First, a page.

Saccharolipid

From Wikipedia, the free encyclopedia
Jump to: navigation, search
Chemical structure of lipid A as found in E. Coli[1]

Saccharolipids describe compounds in which fatty acids are linked directly to a sugar backbone, forming structures that are compatible with membrane bilayers. In the saccharolipids, a monosaccharide substitutes for the glycerol backbone present in glycerolipids and glycerophospholipids. The most familiar saccharolipids are the acylated glucosamine precursors of the lipid A component of the lipopolysaccharides in Gram-negative bacteria. Typical lipid A molecules are disaccharides of glucosamine, which are derivatized with as many as seven fatty-acyl chains. The minimal lipopolysaccharide required for growth in E. coli is Kdo2-Lipid A, a hexa-acylated disaccharide of glucosamine that is glycosylated with two 3-deoxy-D-manno-octulosonic acid (Kdo) residues.[2]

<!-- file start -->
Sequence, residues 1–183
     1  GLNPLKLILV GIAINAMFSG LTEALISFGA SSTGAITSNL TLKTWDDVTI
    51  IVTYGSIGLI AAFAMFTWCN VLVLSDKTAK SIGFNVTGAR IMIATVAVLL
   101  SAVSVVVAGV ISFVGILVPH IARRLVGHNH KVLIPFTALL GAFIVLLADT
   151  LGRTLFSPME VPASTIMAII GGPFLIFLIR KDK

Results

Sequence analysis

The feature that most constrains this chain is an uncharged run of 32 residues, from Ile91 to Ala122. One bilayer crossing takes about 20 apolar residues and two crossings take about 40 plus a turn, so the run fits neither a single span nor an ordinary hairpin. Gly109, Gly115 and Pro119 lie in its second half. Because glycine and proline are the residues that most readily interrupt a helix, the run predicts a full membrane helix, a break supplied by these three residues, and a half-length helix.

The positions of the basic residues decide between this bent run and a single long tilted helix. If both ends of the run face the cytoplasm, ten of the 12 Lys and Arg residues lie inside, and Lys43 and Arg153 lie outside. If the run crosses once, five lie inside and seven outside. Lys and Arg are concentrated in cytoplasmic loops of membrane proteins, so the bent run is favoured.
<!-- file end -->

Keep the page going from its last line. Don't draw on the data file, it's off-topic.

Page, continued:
See also[edit]

References[edit]

  1. ^ Raetz, Christian R. H.; Guan, Ziqiang; Ingram, Brian O.; Six, David A.; Song, Feng; Wang, Xiaoyuan; Zhao, Jinshi (2009). "Discovery of new biosynthetic pathways: the lipid A story". Journal of Lipid Research: S103–S108. 
  2. ^ Raetz CR, Garrett TA, Reynolds CM, Shaw WA, Moore JD, Smith DC Jr, Ribeiro AA, Murphy RC,Ulevitch RJ, Fearns C, Reichart D, Glass CK, Benner C, Subramaniam S, Harkewicz R, Bowers-Gentry RC, Buczynski MW, Cooper JA, Deems RA, Dennis EA (2006). "Kdo2-Lipid A of Escherichia coli, a defined endotoxin that activates macrophages via TLR-4". Journal of Lipid Research 47 (5): 1097–1111. doi:10.1194/jlr.M600027-JLR200. PMID 16479018.